Daylight Shines on Nationwide Permit 12, but Dark Clouds Still Loom
In a recent special alert addressing Northern Plains Resource Council v. U.S. Army Corps of Engineers, we reported that the federal district court for Montana vacated the U.S. Army Corps of Engineers (Corps) Nationwide Permit 12 (NWP 12) and seemed to do so in all respects, enjoining use of NWP 12 for any covered projects. (NWP 12 is a permit used for a utility linear project’s discharge of dredge or fill material to wetlands and other waters regulated pursuant to the federal Clean Water Act.) As discussed in our special alert, the Court based its ruling on the failure of the Corps to subject the NWP 12 when last proposed in 2017 to the interagency programmatic consultation process as required under Section 7 of the federal Endangered Species Act (ESA).
Since the decision was issued, however, and upon petition by the Corps and affected utility industries, the district court scaled back the scope of its decision to those projects it expects to present the greatest potential risk to protected species given the lack of programmatic consultation: oil and gas pipeline projects. (The controversial Keystone Pipeline, for which the case was brought by the plaintiffs, is just this sort of project.) The court acknowledged that other linear utility projects – including aboveground and underground power, cable, water and sewer line projects – generally do not present the same level of disturbance or risks to species or their habitats. In turn, the court balanced the interests of allowing these types of projects to continue under what it still deems a faulty NWP 12 pending correction by the Corps against the harm of not allowing these projects to proceed. The court’s amended decision therefore offers many linear utility projects substantial relief from the initial decision. This relief allows these projects to proceed pursuant to the more efficient and less expensive NWP 12, which means they are now more likely to stay on track for completion as planned and with the financing already allotted. Interestingly, the environmental group plaintiffs in the case were amenable to this revised approach, so it appears some common ground was achieved in this outcome.
Naturally, the original decision by the district court is the subject of appeal to the Ninth Circuit Court of Appeals. Indeed, the Circuit Court has most recently denied the Corps’ and utility industry’s emergency motions for a stay of the district court’s decision, even though it is now limited only to oil and gas pipelines. In denying the stay, the Circuit Court held that “the Appellants had not demonstrated a sufficient likelihood of success on the merits and probability of irreparable harm to warrant a stay pending appeal.” The Circuit Court therefore seemed to agree with the district court, at least at this stage, that the underlying concerns about the lack of programmatic consultation under the ESA when renewing NWP 12 in 2017 were likely fatal to that rulemaking, even if the NWP 12 program was allowed to continue in most respects pending the Corps’ correction of its alleged procedural errors.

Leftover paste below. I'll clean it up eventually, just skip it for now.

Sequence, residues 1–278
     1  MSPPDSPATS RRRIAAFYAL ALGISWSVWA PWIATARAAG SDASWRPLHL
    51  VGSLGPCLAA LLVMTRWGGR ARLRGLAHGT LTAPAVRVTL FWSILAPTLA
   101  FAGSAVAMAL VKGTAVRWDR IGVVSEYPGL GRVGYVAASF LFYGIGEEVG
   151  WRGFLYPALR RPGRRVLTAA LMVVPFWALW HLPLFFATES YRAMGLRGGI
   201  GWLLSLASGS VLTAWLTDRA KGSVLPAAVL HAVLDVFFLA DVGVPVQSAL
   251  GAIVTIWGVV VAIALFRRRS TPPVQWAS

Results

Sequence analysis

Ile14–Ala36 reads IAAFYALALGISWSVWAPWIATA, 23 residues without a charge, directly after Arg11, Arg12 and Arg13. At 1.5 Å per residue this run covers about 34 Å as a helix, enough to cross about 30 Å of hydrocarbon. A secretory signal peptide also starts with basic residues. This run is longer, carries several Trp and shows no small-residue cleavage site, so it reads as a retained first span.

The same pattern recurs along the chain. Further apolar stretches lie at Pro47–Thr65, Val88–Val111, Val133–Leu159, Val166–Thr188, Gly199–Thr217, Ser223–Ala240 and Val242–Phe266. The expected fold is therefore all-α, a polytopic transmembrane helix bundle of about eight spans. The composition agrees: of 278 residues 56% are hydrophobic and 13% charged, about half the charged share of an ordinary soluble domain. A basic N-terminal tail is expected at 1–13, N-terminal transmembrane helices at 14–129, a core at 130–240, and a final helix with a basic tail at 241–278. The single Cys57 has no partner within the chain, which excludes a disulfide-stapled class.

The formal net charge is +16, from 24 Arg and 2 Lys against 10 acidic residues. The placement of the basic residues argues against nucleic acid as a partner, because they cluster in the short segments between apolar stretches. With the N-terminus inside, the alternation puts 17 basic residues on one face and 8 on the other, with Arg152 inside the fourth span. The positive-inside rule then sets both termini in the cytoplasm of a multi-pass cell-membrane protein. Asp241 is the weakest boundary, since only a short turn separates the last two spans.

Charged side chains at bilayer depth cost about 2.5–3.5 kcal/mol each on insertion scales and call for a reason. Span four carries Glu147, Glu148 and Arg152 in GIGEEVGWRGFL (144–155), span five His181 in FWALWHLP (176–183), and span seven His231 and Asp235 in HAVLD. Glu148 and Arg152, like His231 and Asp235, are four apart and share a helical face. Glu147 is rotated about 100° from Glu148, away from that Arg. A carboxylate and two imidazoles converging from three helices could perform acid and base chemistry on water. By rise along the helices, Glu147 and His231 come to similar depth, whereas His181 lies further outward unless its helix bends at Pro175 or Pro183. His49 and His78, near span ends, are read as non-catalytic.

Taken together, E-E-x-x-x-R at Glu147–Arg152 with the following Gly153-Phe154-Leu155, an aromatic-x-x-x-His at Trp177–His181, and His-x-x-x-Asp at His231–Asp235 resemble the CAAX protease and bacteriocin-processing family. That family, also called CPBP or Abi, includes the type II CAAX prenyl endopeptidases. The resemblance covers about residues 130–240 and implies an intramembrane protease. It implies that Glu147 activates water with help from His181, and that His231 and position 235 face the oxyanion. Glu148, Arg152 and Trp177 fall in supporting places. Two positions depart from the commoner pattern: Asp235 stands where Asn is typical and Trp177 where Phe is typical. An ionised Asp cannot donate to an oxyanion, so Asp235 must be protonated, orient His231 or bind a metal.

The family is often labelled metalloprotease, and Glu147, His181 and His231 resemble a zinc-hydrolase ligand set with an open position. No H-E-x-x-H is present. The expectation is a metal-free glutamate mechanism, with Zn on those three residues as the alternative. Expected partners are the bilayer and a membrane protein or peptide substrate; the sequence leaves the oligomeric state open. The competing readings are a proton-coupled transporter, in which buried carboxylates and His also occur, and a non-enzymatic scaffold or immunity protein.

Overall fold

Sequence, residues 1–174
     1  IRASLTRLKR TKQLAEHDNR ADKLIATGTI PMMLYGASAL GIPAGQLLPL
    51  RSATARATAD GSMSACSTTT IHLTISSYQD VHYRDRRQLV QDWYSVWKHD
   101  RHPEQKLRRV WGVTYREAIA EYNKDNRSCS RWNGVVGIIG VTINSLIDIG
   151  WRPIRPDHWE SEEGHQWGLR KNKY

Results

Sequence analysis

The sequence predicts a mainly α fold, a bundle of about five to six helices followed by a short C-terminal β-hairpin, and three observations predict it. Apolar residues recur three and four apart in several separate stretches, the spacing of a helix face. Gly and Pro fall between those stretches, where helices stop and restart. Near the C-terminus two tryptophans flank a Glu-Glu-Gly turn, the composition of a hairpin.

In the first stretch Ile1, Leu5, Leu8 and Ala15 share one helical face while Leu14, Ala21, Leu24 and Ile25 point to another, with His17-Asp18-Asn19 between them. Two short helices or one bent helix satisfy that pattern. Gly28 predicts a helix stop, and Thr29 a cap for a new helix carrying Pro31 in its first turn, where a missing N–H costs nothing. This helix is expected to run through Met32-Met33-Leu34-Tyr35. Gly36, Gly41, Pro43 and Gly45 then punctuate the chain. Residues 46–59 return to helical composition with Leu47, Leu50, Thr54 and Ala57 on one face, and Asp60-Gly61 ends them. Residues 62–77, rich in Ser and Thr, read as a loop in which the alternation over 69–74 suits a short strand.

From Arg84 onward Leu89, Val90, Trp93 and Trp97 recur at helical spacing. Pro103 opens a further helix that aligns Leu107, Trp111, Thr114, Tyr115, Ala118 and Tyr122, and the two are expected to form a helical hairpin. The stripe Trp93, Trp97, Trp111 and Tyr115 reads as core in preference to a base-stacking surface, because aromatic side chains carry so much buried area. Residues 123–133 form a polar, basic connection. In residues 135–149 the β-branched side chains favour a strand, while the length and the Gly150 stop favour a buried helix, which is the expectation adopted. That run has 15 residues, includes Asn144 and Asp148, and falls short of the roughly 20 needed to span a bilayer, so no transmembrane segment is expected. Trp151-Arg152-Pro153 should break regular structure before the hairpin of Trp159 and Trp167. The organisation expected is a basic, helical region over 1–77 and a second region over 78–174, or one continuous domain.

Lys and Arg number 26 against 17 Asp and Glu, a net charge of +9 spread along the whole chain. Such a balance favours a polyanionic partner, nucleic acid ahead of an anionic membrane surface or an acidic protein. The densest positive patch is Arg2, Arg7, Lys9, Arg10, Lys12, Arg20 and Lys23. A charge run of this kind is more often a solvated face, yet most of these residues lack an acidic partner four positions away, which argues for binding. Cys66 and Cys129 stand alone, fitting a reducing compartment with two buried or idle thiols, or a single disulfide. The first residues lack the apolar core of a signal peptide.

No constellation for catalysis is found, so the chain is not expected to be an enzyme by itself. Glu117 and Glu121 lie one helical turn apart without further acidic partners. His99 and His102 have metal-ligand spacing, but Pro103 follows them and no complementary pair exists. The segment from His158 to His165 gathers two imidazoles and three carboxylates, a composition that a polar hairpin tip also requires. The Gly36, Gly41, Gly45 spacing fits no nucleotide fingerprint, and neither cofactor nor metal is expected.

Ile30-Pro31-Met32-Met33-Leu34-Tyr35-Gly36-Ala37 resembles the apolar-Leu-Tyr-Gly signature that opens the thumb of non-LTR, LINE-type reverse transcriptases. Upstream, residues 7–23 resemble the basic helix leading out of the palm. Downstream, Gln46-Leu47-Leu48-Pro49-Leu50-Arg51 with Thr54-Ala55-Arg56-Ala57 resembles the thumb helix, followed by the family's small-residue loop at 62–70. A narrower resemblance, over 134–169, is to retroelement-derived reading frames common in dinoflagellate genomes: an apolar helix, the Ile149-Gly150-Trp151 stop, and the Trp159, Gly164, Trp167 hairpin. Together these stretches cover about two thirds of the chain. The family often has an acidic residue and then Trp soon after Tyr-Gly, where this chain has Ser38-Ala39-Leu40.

On a related front, EPA gave formal notice on May 21, 2020 that it is reconsidering and taking public comments as to whether the ESA consultation process must be followed when EPA reviews state and tribal requests to administer the Clean Water Act wetland permit program in lieu of the Corps. In the past, EPA has held that such consultation was not necessary. EPA’s move to reconsider its position may reflect its anticipated outcome of the appeal of the Northern Plains case in the 9th Circuit. Comments are due by July 6, 2020.
As if these developments weren’t enough, they come as the new Navigable Waters Protection Rule, issued by the Corps and EPA, just took effect June 22. As discussed in our May 2020 newsletter, this rulemaking made major changes to the scope of federally regulated waters, including wetlands, under the Clean Water Act. Not surprisingly, that rulemaking is now being challenged in several courts by multiple parties using various legal arguments, adding even more uncertainty for wetland permitting generally.
In any event, with the next renewal of NWP 12 (and other NWPs) due in 2022, the Corps will need to initiate administrative action soon, one way or the other, and, in turn, try to resolve any remaining concerns about ESA programmatic consultation as part of the wetland permitting process. For regulated industry, and for the many linear utility and other projects subject to permitting for wetland impacts, such resolution and restored certainty in the NWP program process needs to come as soon as possible, even if other aspects of wetland permitting are still unsettled.
Northern Plains Resource Council v. U.S. Army Corps of Engineers, Order Amending Summary Judgment Order (Doc. 130) and Order Regarding Defendants’ Motions for Stay Pending Appeal, CV 19-44-GF-BMM (D. Mont. May 11, 2020).
Request for Comment on Whether EPA’s Approval of a Clean Water Act Section 404 Program is Non-Discretionary for Purposes of Endangered Species Act Section 7 Consultation, 85 Fed. Reg. 30953 (May 21, 2020).